Nonno Slot - Brabham BT55
Review by Conti_Rowland
Up until now this period has been largely overlooked by the main manufacturers and since most 'historic' racing centres on pre wing cars the scratch-build fraternity (apart from just a handful of exceptions) have largely ignored it to date too, possibly given its proximity to the present, i.e. it is still very much in living memory.
I believe this is a mistake so it was with much excitement that I received the news from my friend Walter Merulli (ex Italian champion) that he had seen a new company in Italy making these things....
I checked the website www.nonnoslot.com, the next day and so it was that I found the current production of 4 cars; Brabham BT55, McLaren MP4/2C, Lotus 98T (JPS) and Lotus 99T (Camel).
There is also news of Mansell's Williams FW11,a Toleman 1984, Ferrari 1987 and hopefully (his words) a Ligier and Lola/Beatrice from 1986!
All cars come with both driver liveries so qute a large grid can already be made.
In the text and in later communications Nonno Slot explain that given the lack of any national F1 slot events in Italy the aim is to provide club racing cars (and possibly a national championship) capable of providing the sort of speeds Italian 'piloti' are used to with their NSR's etc. So these cars are meant to be driven hard and fast. They are not, primarily at least, meant to be delicate scratch-built shelf queens.
Marco of Nonno tells me this has been rectified although I haven't checked. Payment nice and simple with Paypal.
A few site teething problems meant a quick and easy (for me in Italian) exchange of emails and then I received constant order updates from Marco.
The car 'kit' which I discovered when it arrived included everything (the site is not too clear on what was actually in the kit) cost 62 euro or so plus 6 odd euro P&P. The car price seemed OK as I've spent double that for a complete car on two occasions in the last year and the P&P was extremely cheap for an Italian courier service. Marco obviously wants to sell!
I say 'kit' because Marco informed me that until 1st January he's doing RTR assembled kits for the price of the kit, thereafter the RTR will increase in price (he didn't say what to).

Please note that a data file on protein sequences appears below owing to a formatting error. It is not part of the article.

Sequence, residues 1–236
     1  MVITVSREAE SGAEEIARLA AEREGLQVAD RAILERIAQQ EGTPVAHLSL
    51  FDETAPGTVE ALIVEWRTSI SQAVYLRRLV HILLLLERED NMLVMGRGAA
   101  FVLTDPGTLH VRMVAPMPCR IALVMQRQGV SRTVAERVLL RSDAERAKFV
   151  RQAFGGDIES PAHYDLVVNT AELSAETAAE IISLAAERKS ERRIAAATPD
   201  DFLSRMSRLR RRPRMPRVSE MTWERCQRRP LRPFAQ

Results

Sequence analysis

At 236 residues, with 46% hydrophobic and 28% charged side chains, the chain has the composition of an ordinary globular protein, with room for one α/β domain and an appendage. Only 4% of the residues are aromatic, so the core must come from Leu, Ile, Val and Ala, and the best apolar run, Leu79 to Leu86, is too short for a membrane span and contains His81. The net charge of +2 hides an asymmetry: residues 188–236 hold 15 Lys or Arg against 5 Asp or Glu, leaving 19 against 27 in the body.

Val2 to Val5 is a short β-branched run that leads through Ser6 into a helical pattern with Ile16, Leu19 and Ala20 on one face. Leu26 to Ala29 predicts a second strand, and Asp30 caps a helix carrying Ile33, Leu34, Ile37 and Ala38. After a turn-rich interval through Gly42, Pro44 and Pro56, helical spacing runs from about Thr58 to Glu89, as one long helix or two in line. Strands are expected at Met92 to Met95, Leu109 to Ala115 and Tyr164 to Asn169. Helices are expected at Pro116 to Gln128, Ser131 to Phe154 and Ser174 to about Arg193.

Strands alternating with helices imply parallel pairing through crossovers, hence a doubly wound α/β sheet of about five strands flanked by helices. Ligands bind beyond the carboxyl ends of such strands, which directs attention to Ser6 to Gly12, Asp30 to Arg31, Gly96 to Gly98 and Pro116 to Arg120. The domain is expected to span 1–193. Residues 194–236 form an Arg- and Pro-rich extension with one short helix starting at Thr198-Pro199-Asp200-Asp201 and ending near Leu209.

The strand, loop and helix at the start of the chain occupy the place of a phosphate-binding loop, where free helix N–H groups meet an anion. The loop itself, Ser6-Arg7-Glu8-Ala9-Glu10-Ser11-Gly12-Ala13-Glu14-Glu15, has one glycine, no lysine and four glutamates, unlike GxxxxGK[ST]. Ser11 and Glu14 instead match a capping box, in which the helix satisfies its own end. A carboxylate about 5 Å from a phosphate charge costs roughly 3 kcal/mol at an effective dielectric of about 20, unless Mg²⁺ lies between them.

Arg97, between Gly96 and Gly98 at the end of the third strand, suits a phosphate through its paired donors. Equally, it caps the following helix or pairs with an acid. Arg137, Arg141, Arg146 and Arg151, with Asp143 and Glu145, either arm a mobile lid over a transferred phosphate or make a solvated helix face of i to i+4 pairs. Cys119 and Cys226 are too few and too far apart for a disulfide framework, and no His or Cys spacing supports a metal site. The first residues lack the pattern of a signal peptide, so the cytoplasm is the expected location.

About 50/60 of each model will be produced which is normal before a resin mould deteriorates.
Now I know that so far this looks like a clear advert but before the Mod's get worried let me go on.....
The car is reasonably well finished. One must bear in mind that this is an artisan built car not a one off 'scratch build', nor a main manufacturer item. The paint and decals on the resin moulded body are all present and reasonably correct however the paint is slightly 'orange peel' and shows some dust particle marks. Driver head painting is by hand. Decent but not perfect. Some effort has obviously gone into the decals which look good.
The painted brass spigot of the rear wing was slightly bent so I got that lined up and PVA glued on the front and rear wings and super-glued the little above wheel air deflector on. PVA will allow the wings to pop off in an accident without breaking them.
The rear wing had no position location mark so it was guesswork as to where it should go. Plus I'd say the rear wing spigot was rather too high, negating slightly the long low body of the BT55. Maybe this is strategic to get it out of the way of high speed crashes? Obviously if the 'kit' were purchased one could solder the rear wing spigot at the height required although I notice on the website that ALL the models have this same high rear wing position.
My other first impression was that the car track looked a bit wide for its wheelbase length. Given I don't have any contemporary cars to check it against I researched the original to check proportion, wheelbase, track etc.